Show Don’t Tell

If you listen to the PubCrawl podcast with me and Kelly, we often talk about the concept of “showing, not telling.” It’s one of those pieces of advice that’s constantly thrown out, but how is not often discussed. PubCrawl alumna Sooz wrote a great post about Show vs. Tell on the macro and micro levels, and current contributor Kat Zhang also wrote a post about When Show, When to Tell.

The general consensus is that a mix of showing and telling is necessary to get us through a story, and I agree, although I would venture to say that showing reinforces telling. What do I mean by that? Well, I mean that if “telling” is your thesis about a character or a situation, then “showing” is your evidence.

To put it another way, an example Kelly and I have brought up is the what we call The Problem of Ginny Weasley. We are told a lot of things about Ginny, but those qualities that we are told she has aren’t necessarily supported by the actual text itself. In fact, for much of the books, Ginny is sidelined from the action (most notably in Deathly Hallows, when Ginny is never shown battling, and the one instance we’re about to see her face Bellatrix, her mother steps in and does the job for her). We don’t see enough of Ginny for us to connect who we’re told she is to who we believe she is.

The best way to show anything about a character is through action and reaction. The way a character reacts to situations and people is just as important as the choices they make. The more a character does—speaks, moves, acts—the more we see.

Dialogue is often the easiest way to “show” in writing. By pairing what a character says with a character movement, you can convey very quickly what sort of person this character is (especially if the character movement is in contrast or at odds with what the character is saying). A fantastic example of this is actually the scene in Goblet of Fire where Rita Skeeter interviews Harry in a broom cupboard:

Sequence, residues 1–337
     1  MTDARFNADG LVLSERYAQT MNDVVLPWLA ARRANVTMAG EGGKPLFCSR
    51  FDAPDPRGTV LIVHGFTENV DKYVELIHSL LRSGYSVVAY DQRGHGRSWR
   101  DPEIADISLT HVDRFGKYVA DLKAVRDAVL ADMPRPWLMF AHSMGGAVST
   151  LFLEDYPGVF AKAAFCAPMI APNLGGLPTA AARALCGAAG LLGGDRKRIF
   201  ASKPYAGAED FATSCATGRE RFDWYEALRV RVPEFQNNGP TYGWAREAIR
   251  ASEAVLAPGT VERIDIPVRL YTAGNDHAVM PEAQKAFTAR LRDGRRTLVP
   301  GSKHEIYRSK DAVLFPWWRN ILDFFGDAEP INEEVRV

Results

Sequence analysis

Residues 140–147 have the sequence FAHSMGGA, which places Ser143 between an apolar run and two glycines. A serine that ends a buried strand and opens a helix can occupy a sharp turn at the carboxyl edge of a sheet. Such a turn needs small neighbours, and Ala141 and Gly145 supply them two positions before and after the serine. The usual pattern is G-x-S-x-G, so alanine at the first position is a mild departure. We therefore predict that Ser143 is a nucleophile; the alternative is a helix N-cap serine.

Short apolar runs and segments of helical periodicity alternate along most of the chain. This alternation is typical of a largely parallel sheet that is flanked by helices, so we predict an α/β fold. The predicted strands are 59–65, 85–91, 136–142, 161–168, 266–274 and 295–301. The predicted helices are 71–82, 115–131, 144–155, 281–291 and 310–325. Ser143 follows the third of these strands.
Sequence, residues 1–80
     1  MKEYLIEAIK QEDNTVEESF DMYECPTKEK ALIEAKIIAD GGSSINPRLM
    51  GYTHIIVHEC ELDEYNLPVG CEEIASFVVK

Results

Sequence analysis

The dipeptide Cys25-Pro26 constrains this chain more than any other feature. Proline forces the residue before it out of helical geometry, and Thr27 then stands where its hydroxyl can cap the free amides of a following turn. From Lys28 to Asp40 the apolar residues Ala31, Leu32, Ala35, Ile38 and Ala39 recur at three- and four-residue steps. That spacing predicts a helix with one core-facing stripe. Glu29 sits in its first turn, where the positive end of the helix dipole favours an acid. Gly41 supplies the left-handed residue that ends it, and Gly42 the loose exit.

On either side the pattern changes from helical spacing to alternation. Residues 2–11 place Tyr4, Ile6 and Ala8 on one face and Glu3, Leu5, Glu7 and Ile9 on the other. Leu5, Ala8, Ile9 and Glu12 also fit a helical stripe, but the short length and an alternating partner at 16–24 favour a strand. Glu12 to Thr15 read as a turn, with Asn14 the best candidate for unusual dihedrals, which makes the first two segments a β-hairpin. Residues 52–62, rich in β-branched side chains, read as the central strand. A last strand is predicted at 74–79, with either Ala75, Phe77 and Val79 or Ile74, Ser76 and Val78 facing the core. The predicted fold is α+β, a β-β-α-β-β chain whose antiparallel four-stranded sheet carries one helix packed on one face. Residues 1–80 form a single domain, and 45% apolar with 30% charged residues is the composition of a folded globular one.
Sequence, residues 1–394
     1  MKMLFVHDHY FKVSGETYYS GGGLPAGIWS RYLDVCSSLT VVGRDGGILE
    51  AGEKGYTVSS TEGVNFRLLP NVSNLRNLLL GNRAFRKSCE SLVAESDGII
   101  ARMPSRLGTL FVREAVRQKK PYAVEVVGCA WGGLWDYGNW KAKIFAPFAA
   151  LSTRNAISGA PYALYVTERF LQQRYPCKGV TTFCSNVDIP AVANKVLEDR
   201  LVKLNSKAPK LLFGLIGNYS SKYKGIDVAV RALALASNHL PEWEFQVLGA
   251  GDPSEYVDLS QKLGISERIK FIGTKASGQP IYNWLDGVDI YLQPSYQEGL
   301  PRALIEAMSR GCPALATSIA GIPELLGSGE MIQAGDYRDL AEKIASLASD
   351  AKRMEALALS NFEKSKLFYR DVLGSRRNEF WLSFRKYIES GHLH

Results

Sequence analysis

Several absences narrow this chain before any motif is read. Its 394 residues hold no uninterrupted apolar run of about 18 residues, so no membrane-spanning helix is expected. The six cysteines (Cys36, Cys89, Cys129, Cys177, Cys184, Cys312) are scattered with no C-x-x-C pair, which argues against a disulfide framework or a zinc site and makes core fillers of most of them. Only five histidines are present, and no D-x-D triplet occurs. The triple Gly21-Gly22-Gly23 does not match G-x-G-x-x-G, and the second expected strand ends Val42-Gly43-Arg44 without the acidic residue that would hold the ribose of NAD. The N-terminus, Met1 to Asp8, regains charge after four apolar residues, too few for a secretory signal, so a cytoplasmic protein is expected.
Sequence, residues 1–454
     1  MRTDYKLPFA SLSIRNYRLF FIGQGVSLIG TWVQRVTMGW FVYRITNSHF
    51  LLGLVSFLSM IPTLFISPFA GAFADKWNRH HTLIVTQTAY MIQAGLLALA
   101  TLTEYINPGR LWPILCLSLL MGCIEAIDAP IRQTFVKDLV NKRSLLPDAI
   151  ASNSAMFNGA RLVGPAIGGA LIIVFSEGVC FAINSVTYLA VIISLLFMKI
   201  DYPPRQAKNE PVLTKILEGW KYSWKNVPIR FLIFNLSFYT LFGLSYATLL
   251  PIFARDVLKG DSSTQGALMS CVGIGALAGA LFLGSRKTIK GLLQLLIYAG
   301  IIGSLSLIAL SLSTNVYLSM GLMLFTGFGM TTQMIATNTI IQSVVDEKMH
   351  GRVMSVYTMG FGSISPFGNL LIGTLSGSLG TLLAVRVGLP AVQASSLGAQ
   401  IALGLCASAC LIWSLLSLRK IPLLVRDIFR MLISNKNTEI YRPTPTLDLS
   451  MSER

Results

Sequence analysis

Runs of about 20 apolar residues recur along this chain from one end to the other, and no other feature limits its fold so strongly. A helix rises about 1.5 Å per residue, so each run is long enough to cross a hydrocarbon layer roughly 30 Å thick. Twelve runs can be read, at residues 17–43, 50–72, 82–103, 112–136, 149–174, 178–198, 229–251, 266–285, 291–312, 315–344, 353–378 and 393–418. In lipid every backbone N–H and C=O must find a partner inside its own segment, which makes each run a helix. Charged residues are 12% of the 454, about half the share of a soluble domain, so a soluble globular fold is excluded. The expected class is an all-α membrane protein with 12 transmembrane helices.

“Testing…my name is Rita Skeeter, Daily Prophet reporter.”

Harry looked down quickly at the [Quick-Quotes] quill. The moment Rita Skeeter had spoken, the green quill had started to scribble, skidding across the parchment:

Attractive blonde Rita Skeeter, forty-three, whose savage quill has punctured many inflated reputations—

Rowling is actually a master of the “show, don’t tell” (which is why Ginny Weasley remains such a problem) because she litters her books with carefully chosen details about every character, even the tertiary ones. These are all “telling” details, and yet together, they show us a complete picture of the person about whom she’s writing. It’s the difference between being told that Rita Skeeter is an unscrupulous reporter always on the lookout for a scoop, and understand that this woman with three gold teeth, two-inch scarlet nails, elaborate and curiously rigid curls, and a crocodile purse can unabashedly trash a great wizard to his face with no qualms.

Over and over again, I always come back to specificity being the key to great writing. That’s really what “show, don’t tell” means. Be specific.

That’s all from me! What do y’all think about “Show Don’t Tell?” Sound off in the comments!

One Response to Show Don’t Tell

  1. Sophie May 4 2016 at 6:20 pm #

    Not a hugely constructive comment, but when I read about the Ginny Weasley problem, I had a complete light bulb moment. I have always wanted to like Ginny, felt like I should like her, but always found her really flat and uninteresting….because I never see her doing anything! Thanks for clearing up over ten years of confusion haha. Interesting article!

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